National Endowment for the Humanities
Stories by Edgar Allan Poe and Ambrose Bierce provide readers with an opportunity to investigate unreliable narrators. The lesson plan begins with an activity about different types of point of view and continues as scholars apply their...
How can you tell what point of view a narrator is using, and why does it matter when reading or writing? Use a handy flow chart to determine whether or not your narrator is telling the story from a first or third person point of view.
Point of view is important when choosing a narrator. Help young writers distinguish between first and third person point of view with an activity that features excerpts from Robert Louis Stevenson's Treasure Island. After reading four...
Students examine the difference between a narrator and author. They read Nathaniel Hawthorne's novel, 'The Scarlet Letter,' write a description of the narrator, and research how Hawthorne was impacted by the politics of the time.
Journey into the past with Laurence Yep's Dragonwings. Scholars complete anchor charts to analyze techniques the author uses to develop the narrator's point of view in his novel. As they read, pupils also complete word catchers to track...
Drafting Individual Readers Theater Scripts for a Specific Scene: Rephrasing, Narrator Introduction, and Identifying Characters
Read, revise, refine! Scholars refine their readers theater scripts by rephrasing some of the lines. Next, they write drafts of their narrator introductions and share their work with peers to give and receive feedback.
Reading a dialect can be difficult; show readers that it can also reveal fascinating details! They read two extracts from Jane Gardam's The Hollow Land, which is written in a British dialect. Readers answer comprehension questions,...
It is all down the drain. Scholars read chapter one of Flush and write any unfamiliar words in their word catchers and identify the narrator and point of view of the story. Pupils complete a point of view anchor chart and use Thought,...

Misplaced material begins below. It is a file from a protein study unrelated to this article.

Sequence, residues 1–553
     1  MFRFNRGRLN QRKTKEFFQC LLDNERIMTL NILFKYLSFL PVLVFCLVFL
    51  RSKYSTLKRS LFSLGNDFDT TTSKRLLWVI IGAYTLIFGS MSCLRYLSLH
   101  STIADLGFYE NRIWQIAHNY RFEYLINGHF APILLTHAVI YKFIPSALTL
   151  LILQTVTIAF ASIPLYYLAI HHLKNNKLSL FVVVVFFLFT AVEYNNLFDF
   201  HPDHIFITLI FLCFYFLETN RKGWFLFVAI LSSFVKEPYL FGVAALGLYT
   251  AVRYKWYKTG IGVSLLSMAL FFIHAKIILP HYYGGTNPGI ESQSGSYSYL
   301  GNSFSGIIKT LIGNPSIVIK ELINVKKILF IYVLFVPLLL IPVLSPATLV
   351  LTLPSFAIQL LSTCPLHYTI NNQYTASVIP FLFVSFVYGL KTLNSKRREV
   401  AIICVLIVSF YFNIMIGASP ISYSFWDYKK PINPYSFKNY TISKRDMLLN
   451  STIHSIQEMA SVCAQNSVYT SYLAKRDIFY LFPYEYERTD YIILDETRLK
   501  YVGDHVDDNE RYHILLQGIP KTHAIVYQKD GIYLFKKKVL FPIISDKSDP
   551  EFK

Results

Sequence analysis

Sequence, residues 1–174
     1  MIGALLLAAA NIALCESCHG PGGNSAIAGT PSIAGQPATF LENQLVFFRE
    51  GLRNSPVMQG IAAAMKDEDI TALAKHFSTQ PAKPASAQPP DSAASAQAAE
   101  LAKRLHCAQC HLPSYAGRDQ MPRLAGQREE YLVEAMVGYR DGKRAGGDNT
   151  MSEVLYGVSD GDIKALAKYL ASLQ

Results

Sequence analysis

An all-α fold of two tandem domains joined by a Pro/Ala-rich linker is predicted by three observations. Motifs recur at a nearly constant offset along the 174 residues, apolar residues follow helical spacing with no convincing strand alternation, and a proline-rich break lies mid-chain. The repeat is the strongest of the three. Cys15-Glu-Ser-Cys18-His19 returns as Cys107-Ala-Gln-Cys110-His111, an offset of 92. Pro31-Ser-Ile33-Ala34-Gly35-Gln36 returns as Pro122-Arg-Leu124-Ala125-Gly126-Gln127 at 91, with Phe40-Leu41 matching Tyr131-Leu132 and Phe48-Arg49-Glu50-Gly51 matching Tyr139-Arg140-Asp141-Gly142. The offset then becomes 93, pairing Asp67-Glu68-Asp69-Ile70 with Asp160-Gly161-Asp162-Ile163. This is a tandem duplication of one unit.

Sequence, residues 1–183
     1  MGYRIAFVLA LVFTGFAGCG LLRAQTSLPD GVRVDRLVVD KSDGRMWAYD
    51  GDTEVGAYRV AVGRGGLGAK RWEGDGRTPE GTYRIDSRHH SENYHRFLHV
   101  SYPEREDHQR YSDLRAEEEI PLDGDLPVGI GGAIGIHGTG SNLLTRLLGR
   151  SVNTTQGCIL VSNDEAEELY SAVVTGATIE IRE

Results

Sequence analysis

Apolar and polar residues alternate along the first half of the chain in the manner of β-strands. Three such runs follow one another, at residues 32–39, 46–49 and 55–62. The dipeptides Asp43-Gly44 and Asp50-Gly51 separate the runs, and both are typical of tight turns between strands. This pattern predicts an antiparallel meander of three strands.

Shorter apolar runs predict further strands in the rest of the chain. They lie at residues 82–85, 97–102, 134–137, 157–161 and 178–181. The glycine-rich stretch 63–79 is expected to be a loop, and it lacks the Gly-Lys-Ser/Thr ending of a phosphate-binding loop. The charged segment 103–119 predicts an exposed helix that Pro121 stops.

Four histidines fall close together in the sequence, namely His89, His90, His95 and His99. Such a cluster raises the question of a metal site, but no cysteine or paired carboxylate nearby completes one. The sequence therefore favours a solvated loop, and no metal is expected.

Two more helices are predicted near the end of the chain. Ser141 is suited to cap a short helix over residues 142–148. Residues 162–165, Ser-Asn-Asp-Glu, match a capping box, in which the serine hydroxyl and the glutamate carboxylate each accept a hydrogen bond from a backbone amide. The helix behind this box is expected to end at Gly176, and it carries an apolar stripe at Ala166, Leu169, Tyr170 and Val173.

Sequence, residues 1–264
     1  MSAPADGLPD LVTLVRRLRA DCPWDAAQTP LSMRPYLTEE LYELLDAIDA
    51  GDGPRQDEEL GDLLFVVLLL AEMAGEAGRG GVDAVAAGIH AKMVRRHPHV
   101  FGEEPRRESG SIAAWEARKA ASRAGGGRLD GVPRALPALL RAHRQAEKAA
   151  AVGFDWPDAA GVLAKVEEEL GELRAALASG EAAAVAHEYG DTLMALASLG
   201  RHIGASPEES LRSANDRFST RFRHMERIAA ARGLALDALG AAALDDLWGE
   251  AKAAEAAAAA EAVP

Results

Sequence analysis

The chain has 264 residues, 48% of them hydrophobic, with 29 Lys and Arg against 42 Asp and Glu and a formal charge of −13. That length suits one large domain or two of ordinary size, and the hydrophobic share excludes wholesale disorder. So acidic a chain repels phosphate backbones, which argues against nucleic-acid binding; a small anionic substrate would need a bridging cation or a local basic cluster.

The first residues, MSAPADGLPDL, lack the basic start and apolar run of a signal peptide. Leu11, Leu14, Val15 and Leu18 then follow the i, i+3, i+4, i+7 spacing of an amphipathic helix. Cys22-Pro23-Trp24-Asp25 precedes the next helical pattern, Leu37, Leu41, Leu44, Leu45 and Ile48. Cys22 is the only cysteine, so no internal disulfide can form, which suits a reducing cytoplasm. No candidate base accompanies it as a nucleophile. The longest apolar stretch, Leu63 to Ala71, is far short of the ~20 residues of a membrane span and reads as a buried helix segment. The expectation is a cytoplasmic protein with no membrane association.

Characters often change over the course of a story or novel. Use the sample graphic organizer provided here to track how the narrator has responded to the sequence of events in chapter four through six of The Cay. In addition to this...
Share a classic novel with your class using this resource. After reading Frankenstein by Mary Shelley, learners answer questions involving the narrator's point of view, make and confirm predictions, and sequence events in the story.
Mid-Unit Assessment: Developing the Narrator’s Point of View, Figurative Language, and Connecting Passages across the Novel Dragonwings
Let's get creative! As part of a mid-unit assessment, scholars create a piece of artwork illustrating the theme from Laurence Yep's novel, Dragonwings. Additionally, pupils use a graphic organizer to identify figurative language in the...
See it through my eyes. Scholars complete mid-unit assessment part II by writing an essay describing how the narrator's point of view influences how the story is told in the text In the Middle of the Storm. Pupils also complete a...
Sixth graders make connections between past experiences and perspective. They read Keeping the Night Watch by Hope Anita Smith. Then, they analyze a character's history and state the past experiences that form their perspective. In the...
As your authors prepare to write a hypothetical novel, they need all the inspiration they can find! Using a book they have already read (and enjoyed), learners complete a literary analysis by filling in eight short-answer questions....
Scholars read excerpts from the story, Heidi, in a three-part assessment that focuses on comparing and contrasting characters. Each part contains three tasks that challenge learners to discuss, answer comprehension questions,...
While reading the book Summer of the Monkeys by Wilson Rawls, the class ties together the core reading objectives, which are making predictions, comprehending new information, reading for author's purpose, independence in reading, and...
A reading of Panic in Paris launches a review of the elements of narrative writing. Class members work in groups to find narrative devices in the book and record their findings on a provided worksheet. Using the completed pages, emergent...
Young scholars examine the concept of historical perspective in writing. They read the diary of Sally Wister, a young Patriot from Philadelphia during the Revolutionary Era. Additionally, they must include different points of view in...
Everyone wants to be part of a royal family. Let your pupils experience the privilege of royalty by rewriting the story The Frog Prince from the point of view of the princess. While the story line remains the same, perspective is bound...
Study historical events by combining the study of historical fiction and non-fiction. Learners read about true past events in historical fiction novels and then research non-fiction accounts of the same events. What are some differences...
Fifth graders have a debate and defend one of the three different perspectives of the Civil War. In this Civil War lesson plan, 5th graders defend either the North, the South, or the Neutral perspectives.
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